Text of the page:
Putin and Xi discuss Ukraine prospects as they celebrate ‘no limits’ partnership

As Russian President Vladimir Putin and Chinese leader Xi Jinping have continue their meeting in China, the world is watching to see what their self-proclaimed “no-limits” partnership will mean for the future of Ukraine.

Xi and Putin have a longstanding agreement to visit each other’s countries annually, and Xi was welcomed at the Kremlin last year. The two are ostensibly set to focus on trade and cultural exchanges during day two of Putin’s state visit to China, and the Russian leader has used public remarks to emphasise the importance of Russia-China cooperation in jointly developing new technologies.

“Relying on traditions of friendship and cooperation, we can look into the future with confidence,” he said in public remarks at a China-Russia Expo in the northeastern city of Harbin. “The Russian-Chinese partnership helps our countries’ economic growth, ensures energy security, helps develop production and create new jobs.”

Though Putin’s visit is unlikely to yield any concrete proposals or announcements, Xi and Putin are making an effort to flaunt their strong relationship to the West as the US and other powers continue to sanction Russia amid the war in Ukraine – with China likely still supporting the Russian war machine.

Russian President Vladimir Putin, left, and Chinese President Xi Jinping, right, attend an informal meeting in Beijing.

Since Russia invaded Ukraine, Russia has increasingly depended on China as Western sanctions have taken a bite. Trade between the two countries increased to $240 billion last year, as China helped its neighbour ameliorate the worst effects of Western sanctions.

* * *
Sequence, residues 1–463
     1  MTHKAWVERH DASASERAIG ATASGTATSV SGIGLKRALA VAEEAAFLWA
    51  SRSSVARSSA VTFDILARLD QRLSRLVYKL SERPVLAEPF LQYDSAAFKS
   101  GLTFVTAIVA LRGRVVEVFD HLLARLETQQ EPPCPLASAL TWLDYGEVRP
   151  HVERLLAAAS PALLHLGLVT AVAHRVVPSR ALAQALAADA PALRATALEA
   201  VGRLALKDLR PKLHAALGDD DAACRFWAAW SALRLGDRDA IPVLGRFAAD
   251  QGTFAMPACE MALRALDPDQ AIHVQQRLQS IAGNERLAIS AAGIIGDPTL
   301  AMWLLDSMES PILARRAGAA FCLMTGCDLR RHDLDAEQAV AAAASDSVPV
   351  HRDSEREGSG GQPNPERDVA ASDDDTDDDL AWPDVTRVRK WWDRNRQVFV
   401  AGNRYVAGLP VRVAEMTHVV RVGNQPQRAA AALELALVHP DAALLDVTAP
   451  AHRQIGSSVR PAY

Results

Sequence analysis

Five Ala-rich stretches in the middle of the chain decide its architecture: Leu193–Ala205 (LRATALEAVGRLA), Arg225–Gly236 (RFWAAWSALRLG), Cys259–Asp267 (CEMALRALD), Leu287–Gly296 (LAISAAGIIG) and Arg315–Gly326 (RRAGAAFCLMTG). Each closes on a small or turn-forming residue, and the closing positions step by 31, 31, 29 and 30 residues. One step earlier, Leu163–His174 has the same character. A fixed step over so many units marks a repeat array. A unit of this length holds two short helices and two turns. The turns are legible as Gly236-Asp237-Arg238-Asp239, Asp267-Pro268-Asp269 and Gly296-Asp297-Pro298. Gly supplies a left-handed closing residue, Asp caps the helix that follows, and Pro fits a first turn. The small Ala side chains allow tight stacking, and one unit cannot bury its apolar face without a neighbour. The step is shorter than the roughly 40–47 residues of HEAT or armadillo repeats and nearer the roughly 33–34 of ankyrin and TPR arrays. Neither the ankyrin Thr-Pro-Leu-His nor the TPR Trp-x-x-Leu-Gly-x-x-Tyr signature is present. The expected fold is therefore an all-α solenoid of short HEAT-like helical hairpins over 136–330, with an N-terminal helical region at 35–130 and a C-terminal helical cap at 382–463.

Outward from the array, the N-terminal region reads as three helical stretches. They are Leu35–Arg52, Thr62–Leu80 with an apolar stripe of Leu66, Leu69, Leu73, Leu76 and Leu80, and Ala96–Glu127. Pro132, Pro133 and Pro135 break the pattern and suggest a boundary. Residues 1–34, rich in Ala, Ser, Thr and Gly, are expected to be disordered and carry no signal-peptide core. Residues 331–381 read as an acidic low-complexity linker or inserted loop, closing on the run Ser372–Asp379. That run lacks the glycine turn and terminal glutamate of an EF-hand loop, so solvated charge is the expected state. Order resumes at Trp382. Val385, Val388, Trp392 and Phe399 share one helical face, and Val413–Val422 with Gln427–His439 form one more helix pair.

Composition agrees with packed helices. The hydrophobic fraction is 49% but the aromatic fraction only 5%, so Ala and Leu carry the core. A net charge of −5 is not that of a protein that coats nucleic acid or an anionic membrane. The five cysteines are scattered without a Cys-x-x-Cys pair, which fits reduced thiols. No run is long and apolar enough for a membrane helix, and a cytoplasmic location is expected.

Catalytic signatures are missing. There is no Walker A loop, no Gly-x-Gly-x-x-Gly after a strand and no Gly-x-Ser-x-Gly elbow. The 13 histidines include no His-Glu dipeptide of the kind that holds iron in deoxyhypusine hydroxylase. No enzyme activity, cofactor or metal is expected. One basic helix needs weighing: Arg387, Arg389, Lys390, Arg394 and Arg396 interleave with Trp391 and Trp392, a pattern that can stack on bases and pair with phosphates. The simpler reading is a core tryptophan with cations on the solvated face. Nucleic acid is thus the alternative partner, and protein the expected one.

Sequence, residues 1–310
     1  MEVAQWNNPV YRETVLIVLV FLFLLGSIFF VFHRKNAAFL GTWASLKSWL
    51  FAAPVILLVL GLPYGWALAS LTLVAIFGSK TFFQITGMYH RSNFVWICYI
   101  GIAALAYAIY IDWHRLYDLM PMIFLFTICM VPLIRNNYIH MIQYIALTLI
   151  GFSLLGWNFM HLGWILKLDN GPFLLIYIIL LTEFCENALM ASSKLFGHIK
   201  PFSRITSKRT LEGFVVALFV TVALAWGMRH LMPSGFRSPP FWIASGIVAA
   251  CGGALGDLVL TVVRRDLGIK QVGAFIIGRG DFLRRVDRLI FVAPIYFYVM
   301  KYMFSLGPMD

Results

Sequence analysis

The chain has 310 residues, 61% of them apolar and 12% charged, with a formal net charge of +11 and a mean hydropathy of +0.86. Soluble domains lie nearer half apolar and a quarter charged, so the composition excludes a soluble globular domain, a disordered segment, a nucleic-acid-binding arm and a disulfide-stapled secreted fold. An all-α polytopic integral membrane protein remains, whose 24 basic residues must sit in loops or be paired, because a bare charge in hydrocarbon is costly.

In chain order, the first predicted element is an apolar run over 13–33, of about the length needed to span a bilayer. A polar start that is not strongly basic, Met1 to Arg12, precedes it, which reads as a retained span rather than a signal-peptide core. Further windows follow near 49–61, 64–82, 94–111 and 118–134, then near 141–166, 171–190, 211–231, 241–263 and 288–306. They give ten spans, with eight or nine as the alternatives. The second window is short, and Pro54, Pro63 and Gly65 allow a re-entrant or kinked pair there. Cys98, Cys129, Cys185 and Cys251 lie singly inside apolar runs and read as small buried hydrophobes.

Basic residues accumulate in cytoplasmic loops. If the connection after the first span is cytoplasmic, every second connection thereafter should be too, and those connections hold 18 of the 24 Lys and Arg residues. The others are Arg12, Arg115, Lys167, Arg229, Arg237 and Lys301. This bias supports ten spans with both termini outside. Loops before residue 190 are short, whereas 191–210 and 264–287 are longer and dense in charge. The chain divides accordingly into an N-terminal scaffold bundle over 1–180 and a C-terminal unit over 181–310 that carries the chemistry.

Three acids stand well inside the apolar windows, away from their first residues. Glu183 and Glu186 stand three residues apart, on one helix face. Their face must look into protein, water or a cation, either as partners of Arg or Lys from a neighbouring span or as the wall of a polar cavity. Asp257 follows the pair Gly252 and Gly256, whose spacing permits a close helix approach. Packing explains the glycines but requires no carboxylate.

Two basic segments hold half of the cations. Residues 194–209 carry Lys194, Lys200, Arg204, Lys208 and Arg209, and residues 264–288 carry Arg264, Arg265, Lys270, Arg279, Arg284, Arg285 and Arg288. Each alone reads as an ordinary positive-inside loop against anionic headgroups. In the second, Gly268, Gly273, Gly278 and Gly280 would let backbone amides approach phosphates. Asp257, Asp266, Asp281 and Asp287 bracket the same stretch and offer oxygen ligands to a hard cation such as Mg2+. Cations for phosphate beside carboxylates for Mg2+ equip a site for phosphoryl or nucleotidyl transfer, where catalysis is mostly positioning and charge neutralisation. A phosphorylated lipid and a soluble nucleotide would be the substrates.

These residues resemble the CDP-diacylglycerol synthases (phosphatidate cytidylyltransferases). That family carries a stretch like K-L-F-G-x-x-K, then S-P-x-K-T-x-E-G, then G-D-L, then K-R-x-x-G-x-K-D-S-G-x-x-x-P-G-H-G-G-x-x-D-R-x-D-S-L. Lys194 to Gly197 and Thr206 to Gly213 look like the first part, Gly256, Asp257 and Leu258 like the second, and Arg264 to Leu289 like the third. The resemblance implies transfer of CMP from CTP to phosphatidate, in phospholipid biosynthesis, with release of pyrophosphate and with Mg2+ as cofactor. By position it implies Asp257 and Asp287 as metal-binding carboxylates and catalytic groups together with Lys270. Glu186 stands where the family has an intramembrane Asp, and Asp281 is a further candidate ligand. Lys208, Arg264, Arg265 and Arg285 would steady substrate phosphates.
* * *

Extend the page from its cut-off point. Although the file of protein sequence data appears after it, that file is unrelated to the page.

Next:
Putin this week thanked Xi for China’s proposals for ending the war, while Xi said China hopes for the early return of Europe to peace and stability and will continue to play a constructive role toward this.

China offered a broad plan for peace last year that declined to call on Russia to leave occupied parts of Ukraine. It was rejected by both Ukraine and the West.

And while the notion of peacefully resolving the conflict featured frequently in Thursday’s discussions, Russia has opened a new front in the war by launching attacks at its northeastern border area.

The war is at a critical point for Ukraine, which is trying to resupply its forces after facing delays in getting weapons from the US.

European leaders have pressed China to ask Russia to end its invasion, but to little avail. A US intelligence report has alleged China is likely supplying Russia’s forces with materiel including drones and fighter jet parts.

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